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Gasifier-Control-Unit

Page history last edited by jim mason 8 years, 5 months ago

 

The Gasifier Control Unit v3.02

(now the Process Control Unit)

 

The GEK Gasifier Control Unit (GCU) is an open source sensing and control board designed to solve a broad range of instrumentation and automation needs in thermal industrial processes.  We originally developed the board for testing and control of gasification machinery.  However, it is proving equally useful for pyrolysis biochar reactors, as well as many other research and industrial control needs beyond biomass thermal conversion.  The board is a "kitchen sink" solution, including most everything one couldKSlibs-20110719.zip want for thermal industrial control, all at a price point far removed from typical industrial and scientific instrumentation options.

 

The board offers a generous number of thermocouple, pressure, analog signal, and rpm timer inputs, with a similarly generous array of PWM speed control, servo driver and higher current DC switched outputs.  Networking to other devices is supported via USB, serial, SD card and CANbus (the networking standard for contemporary engine systems).   These features operate on top of a powerful native processor for stand alone operation, with a 4 line screen included for in situ instrument reading without a computer monitor.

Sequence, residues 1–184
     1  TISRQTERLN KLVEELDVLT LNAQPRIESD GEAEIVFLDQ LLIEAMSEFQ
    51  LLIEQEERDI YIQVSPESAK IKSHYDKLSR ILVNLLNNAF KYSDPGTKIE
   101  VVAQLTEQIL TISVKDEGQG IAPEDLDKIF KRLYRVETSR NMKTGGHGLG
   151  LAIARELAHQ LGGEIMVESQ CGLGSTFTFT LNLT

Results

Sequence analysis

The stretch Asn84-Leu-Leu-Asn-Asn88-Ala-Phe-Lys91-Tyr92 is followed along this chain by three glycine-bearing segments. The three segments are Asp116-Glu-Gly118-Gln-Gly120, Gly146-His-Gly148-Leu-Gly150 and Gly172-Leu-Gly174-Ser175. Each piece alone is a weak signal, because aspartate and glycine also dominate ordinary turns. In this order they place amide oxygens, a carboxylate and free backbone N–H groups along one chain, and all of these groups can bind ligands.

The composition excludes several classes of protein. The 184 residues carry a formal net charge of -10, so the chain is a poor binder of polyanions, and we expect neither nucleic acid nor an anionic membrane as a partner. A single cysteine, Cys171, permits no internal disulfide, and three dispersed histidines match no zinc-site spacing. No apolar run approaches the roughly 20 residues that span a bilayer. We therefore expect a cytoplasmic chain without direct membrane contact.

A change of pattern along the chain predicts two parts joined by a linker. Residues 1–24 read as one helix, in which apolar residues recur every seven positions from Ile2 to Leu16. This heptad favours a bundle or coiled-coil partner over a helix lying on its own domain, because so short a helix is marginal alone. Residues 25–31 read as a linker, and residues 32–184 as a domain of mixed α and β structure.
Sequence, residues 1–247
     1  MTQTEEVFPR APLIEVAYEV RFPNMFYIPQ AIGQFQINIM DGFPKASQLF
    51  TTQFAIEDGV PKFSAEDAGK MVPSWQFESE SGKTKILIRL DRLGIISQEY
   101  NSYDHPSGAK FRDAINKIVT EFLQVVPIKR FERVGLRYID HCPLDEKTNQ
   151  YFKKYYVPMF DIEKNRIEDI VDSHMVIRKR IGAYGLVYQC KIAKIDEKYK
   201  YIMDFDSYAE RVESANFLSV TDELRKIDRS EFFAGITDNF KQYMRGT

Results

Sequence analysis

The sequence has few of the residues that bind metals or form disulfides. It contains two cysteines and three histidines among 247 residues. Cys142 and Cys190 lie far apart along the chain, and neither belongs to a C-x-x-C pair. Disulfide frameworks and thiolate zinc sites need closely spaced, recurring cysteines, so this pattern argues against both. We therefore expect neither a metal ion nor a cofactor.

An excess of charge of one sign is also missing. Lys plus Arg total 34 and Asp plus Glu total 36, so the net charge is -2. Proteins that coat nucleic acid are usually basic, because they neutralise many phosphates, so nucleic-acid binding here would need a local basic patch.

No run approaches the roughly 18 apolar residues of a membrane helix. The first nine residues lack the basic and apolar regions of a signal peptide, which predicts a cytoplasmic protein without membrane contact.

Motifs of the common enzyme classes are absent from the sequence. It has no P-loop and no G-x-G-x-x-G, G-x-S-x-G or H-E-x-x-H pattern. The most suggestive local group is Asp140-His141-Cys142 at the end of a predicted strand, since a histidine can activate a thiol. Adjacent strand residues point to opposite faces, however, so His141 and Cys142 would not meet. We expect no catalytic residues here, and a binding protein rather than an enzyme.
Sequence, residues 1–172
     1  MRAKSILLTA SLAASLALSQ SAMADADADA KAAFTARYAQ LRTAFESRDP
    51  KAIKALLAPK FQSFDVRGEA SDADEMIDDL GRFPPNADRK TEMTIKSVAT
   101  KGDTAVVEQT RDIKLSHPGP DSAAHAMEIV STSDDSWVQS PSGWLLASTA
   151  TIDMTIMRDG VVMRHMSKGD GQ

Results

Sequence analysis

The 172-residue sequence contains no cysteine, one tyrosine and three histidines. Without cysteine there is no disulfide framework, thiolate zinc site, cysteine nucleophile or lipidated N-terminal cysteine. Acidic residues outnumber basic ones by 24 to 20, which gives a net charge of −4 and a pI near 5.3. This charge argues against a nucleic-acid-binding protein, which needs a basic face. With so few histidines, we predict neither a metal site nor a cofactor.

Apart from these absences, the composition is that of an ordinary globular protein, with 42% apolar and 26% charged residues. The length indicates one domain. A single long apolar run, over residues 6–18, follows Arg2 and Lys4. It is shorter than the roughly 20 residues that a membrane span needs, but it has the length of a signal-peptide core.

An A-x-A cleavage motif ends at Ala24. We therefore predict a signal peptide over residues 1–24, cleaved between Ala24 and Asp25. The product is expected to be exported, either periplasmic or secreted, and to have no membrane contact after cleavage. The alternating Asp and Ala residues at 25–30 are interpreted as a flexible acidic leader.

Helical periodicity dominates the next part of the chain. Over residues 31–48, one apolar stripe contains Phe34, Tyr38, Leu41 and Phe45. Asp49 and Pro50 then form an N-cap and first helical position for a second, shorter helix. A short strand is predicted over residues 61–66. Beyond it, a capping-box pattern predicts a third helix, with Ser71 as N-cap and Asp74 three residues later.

Internally at ALL Power Labs, we use this board to generate datalogged test results like this.

 

     

 

The GCU is uniquely suited for research applications that need robust and integrated instrumentation and datalogging.  It is equally relevant for industrial applications where sensor input is used to control various motors, solenoids, fans and other control devices.  In both cases, our goal is to provide the type of expert sensing and control solutions usually only found for 10s of thousands of dollars through scientific or industrial equipment suppliers.  The GEK GCU offers equal or superior features for $1395 with the "full fill" version, or $695 with the "half fill" (see details below).  Most will probably realize that just the 16 channel thermocouple reader to serial or usb interface would cost this much from a typical scientific supplier. 

 

The GEK GCU is based on an Atmel AVR processor, with Arduino compatible firmware and software installed on top.  This allows us to leverage the tremendously large user base and code libraries of the Arduino environment, though deployed over a richer measurement and control base than typical Arduino projects.  Power and ease of use, together at last-- all in the service of the "Cult of the Black Goo".

 

Here are the specific details of the full and half fill versions:

 

FEATURES (V3.02)

  Full Fill
Lite
Processor
Atmel ATmega 1280
Atmel ATmega 1280
Thermocouple Inputs
16 K-type
4 K-type
Pressure Inputs (High Range, +/- 28 inH2O)
4
1
Pressure Inputs (Low Range, +/- 8 inH2O)
2
1
FET Outputs (5 A continuous)
8
4

Analog Inputs

(10-bit, Phidgets  compatible connectors)

8
4
Frequency Counter Input
1
0
R/C Hobby Servo Outputs 3 1
Display (4x20 character) yes yes
4 Button Keypad yes no
MicroSD Slot yes  
CANbus hardware yes no
RS-232 Interface yes no
Prototyping/Expansion Area yes yes
     
Click here for purchase info $1395

$495

 

 

User's Manuals

Technical Manual: v 0.6 - draft form (pdf)